Donald Trump, Black Lives Matter, And the Power of Disruption

08/09/2015 09:45 pm ET Updated Aug 09, 2016

It was a good week for disruptive innovation. Three protestors affiliated with Black Lives Matter shut down Bernie Sanders yet again, this time at a Seattle rally Saturday afternoon.

Meanwhile, Donald Trump escalated his disruptive impact on the Republican presidential field, with a post-debate remark implying that Fox reporter Megyn Kelly was menstruating when she asked him provocative questions, fittingly, about his coarse put-downs of women.

The two forms of disruption invite comparison.

BLM is disrupting the most progressive candidate in the Democratic field. Why? Because in the year since the murder of Michael Brown in Ferguson, the issue of systemic violence against blacks has still not broken through to become a first-tier issue, even among liberals.

Why Sanders? Because he is a soft target, with little if any security at his rallies and not inclined to call the cops on protestors. So he suffers disproportionately for the sins of the larger system. Is this fair? Not exactly. On the other hand it seems to be working.

Sanders has put out an excellent statement on criminal justice reform, which is far stronger than anything else out there from a mainstream candidate.

Even though these tactics are not pretty, we can expect the entire Democratic field to give more attention to issues of structural racism.

Black Lives Matter, rather like Occupy Wall Street and its spawn, is not a top-down movement. It is "horizontal," in the jargon du jour, a kind of loose confederation of like minded activists, rather like (pardon the analogy) the Tea Parties.

On the other hand, it is probably the most important grass movement to come along in decades, certainly on the left. And it sure doesn't have the Tea Parties wealthy donors helping to pull the string.

I think of the classic Malvina Reynolds protest song from the 1960s, "It Isn't Nice":

It isn't nice to block the doorway,
It isn't nice to go to jail,
There are nicer ways to do it,
But the nice ways always fail.
It isn't nice, it isn't nice,
You told us once, you told us twice,
But if that is Freedom's price,
We don't mind.

We have tried negotiations
And the three-man picket line,
Mr. Charlie didn't see us
And he might as well be blind.
Now our new ways aren't nice
When we deal with men of ice,
But if that is Freedom's price,
We don't mind.

Disruptive protest isn't nice -- that's the whole point. But sometimes it's necessary.

My guess is that Bernie Sanders and Black Lives Matter will get the choreography right before too long. There will be meetings. He will put out statements of support, maybe offer BLM time at rallies, maybe make some high profile speeches at grass roots civil rights gatherings.

Black Lives Matter will continue actions that occasionally disrupt campaign events of Sanders and others Democrats. But compared to the disruptive effect of Donald Trump on the Republican field, BLM is a picnic for Democrats.

This is a loutish billionaire with a titanic ego, and he reminds the broad public of what the Republicans really stand for. Unlike BLM, which is all about citizen energy, all the Donald has to do is write a check and he is in it for the long haul. That's the Republican way.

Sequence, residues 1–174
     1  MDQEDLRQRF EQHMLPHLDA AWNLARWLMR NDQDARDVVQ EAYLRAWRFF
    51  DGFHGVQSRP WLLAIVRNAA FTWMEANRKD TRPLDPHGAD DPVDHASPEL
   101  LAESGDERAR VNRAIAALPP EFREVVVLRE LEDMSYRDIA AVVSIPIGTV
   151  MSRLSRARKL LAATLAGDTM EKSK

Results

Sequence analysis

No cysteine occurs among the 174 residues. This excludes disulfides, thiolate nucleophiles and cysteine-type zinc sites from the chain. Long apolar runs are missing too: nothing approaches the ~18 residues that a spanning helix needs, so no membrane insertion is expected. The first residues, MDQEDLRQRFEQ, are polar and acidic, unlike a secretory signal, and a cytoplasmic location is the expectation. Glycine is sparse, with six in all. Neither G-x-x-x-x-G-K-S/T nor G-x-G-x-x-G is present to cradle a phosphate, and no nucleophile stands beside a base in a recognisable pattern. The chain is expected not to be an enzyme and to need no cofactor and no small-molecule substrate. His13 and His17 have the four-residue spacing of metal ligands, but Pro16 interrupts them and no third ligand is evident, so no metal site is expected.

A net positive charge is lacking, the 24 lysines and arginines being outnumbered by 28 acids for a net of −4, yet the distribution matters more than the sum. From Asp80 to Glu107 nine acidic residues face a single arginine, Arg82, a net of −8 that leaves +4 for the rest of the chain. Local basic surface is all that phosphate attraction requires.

Trump is the Republican Party's worst nightmare. He speaks for the disaffected, rageful white males who think just the way he does; the people who listen to talk radio and don't let facts get in the way... the faithful viewers of Fox. But whoops,Trump and Fox are now in a dogfight. Over a Fox questioner, Megyn Kelly (gotta love that gyn) turned feminist. Does it get any better?

Sen. Lindsey Graham was quoted in the Washington Post:

"I think we've crossed that Rubicon where his behavior becomes about us, not just him," Graham said in an interview.

"Donald Trump is an out-of-control car driving through a crowd of Republicans, and somebody needs to get him out of the car," Graham said. "I just don't see a pathway forward for us in 2016 to win the White House if we don't decisively deal with this."

Yes, indeed. At first, political analysts thought Trump was a flash in the pan -- that when he questioned Sen. John McCain's military record, or preposterously claimed that was responsible for making immigration a national issue, or couldn't decide whether he was a supporter of single-payer insurance or letting-'em-die in the free market, or insulted women as menstrual harridans, he would be toast.

But it's now clear that no matter what Trump says, his support is likely to stay north of 20 percent in the polls because it isn't the words that matter; it's the anger. An NBC poll had Trump winning the Fox Republican debate with 23 percent support and the next highest contender (Ted Cruz!) second at 13, and Jeb Bush in sixth place with just 7 percent. Does it get any better?

These reverberations are almost too good to be true -- Fox in a fight with its own hard core audience and its own facts-don't-matter style; Fox suddenly becoming feminist; Trump reminding the country of what the larger Republican Party has come to represent; Trump sucking out all the oxygen so that rival candidates can't gain traction against a surprisingly weak Jeb Bush. And, very likely, Trump eventually running as an independent.

Trump is a caricature of things that more mannered Republicans have been getting away with for years. He smokes out what the Republicans really stand for. No wonder they are worried. "An out of control car driving through a crowd of Republicans."

Trump isn't nice. Neither is Black Lives Matter. The Democrats should be grateful for the form of creative disruption being visited upon them.

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